(15) All UQ staff, affiliates and volunteers have, pursuant to the Staff Code of Conduct Policy, a responsibility to report concerns of reasonably suspected fraud in, or involving the workplace, or corrupt conduct to any of the following:

  1. their supervisor or senior management in their work area;
  2. Human Resources Division;
  3. Integrity Unit; or
  4. Chief Operating Officer.

(16) Reports of reasonably suspected corrupt conduct can also be referred directly to the CCC.

(17) All complaints involving reasonably suspected fraud and/or corrupt conduct must be referred to the Director, Integrity Unit for proper assessment and where necessary, referral to the CCC.

(18) Staff, affiliates and volunteers also have an obligation to participate in training that raises awareness regarding culture, accountability and internal controls as it applies to fraud and corrupt conduct.

Top of Page

Section 4 - Monitoring, Review and Assurance

(19) The Director, Integrity Unit is responsible for the promotion of this Policy and the related procedure and for ensuring that they are regularly reviewed for currency and effectiveness.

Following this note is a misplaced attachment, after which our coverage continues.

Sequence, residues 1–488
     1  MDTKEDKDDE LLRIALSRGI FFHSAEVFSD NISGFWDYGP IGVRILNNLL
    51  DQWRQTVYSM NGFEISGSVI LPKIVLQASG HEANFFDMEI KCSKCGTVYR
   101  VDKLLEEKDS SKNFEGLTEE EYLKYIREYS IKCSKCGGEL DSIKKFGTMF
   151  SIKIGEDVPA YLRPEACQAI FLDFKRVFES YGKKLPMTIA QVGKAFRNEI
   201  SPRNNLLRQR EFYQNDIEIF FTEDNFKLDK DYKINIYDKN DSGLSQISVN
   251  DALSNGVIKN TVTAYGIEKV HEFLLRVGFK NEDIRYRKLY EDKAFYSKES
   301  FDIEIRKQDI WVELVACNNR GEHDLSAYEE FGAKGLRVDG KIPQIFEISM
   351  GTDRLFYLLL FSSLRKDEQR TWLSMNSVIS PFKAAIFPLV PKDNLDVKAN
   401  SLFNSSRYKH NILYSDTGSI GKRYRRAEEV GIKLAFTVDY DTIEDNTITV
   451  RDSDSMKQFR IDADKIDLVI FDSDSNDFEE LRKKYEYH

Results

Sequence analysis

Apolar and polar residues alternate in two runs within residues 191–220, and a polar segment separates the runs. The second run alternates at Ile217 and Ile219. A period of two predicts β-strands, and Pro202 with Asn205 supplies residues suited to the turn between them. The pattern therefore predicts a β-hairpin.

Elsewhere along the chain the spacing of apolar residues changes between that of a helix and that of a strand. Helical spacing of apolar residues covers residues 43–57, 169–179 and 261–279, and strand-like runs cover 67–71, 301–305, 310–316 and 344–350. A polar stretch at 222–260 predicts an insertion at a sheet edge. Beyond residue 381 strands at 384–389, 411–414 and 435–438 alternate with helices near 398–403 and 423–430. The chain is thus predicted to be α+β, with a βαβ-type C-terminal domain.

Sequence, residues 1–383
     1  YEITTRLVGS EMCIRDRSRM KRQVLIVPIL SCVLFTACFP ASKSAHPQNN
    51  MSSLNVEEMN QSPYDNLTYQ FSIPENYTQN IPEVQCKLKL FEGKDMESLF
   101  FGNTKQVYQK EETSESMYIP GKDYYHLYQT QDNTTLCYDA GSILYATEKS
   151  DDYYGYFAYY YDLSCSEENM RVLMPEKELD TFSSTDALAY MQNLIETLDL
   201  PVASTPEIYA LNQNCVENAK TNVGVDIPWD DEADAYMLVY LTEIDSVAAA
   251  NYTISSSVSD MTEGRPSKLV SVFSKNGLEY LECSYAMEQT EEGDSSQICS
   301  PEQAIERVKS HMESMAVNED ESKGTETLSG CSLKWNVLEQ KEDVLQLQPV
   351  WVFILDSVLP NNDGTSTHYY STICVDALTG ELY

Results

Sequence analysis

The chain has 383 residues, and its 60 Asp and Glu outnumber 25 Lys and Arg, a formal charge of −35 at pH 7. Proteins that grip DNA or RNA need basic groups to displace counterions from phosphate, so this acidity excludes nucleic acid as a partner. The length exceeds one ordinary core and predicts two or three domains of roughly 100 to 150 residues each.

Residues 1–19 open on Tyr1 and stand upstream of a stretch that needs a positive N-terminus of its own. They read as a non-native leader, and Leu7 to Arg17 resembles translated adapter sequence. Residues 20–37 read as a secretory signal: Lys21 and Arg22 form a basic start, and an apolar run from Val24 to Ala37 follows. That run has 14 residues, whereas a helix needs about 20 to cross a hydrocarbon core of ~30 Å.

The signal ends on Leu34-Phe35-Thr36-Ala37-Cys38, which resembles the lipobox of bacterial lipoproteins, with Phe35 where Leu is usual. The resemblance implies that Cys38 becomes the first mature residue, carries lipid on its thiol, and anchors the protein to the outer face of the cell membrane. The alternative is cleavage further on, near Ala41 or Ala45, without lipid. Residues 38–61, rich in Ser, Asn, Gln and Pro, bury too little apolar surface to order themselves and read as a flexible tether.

(20) The Director, Integrity Unit will continually monitor and review actions for the purpose of:

  1. assessing compliance with the Policy and to demonstrate/confirm its effectiveness;
  2. identifying, assessing and promptly addressing any deficiencies;
  3. ensuring ongoing relevance of the Policy;
  4. assessing effectiveness of controls; and
  5. reporting through the Chief Operating Officer on weaknesses in controls as appropriate.
Top of Page

Section 5 - Recording and Reporting

(21) The Integrity Unit will record all reported or detected incidents of fraud or corrupt conduct within its Complaints Management Database. 

(22) The Integrity Unit will prepare and submit reports on current matters and trends involving fraud or corrupt conduct as required and where appropriate for statistical analysis and corrupt conduct prevention, and to the following parties as required or requested:

  1. Complaints Management Committee
  2. Vice-Chancellor's Risk and Compliance Committee
  3. Senate Risk and Audit Committee
  4. the CCC
  5. external auditors.
Top of Page

Section 6 - Appendix


Term Definition
Affiliates Academic title-holders, visiting academics, emeritus professors, adjunct and honorary title-holders, industry fellows and conjoint appointments.
Complaint An expression of dissatisfaction with a product or service offered or provided by UQ or the conduct of UQ staff, affiliates, volunteers or students (in so far as their role at UQ), whether voiced by a member of the community, staff, affiliate, volunteer or a student. In relation to corrupt conduct, a complaint includes information or a matter of reasonably suspected corrupt conduct.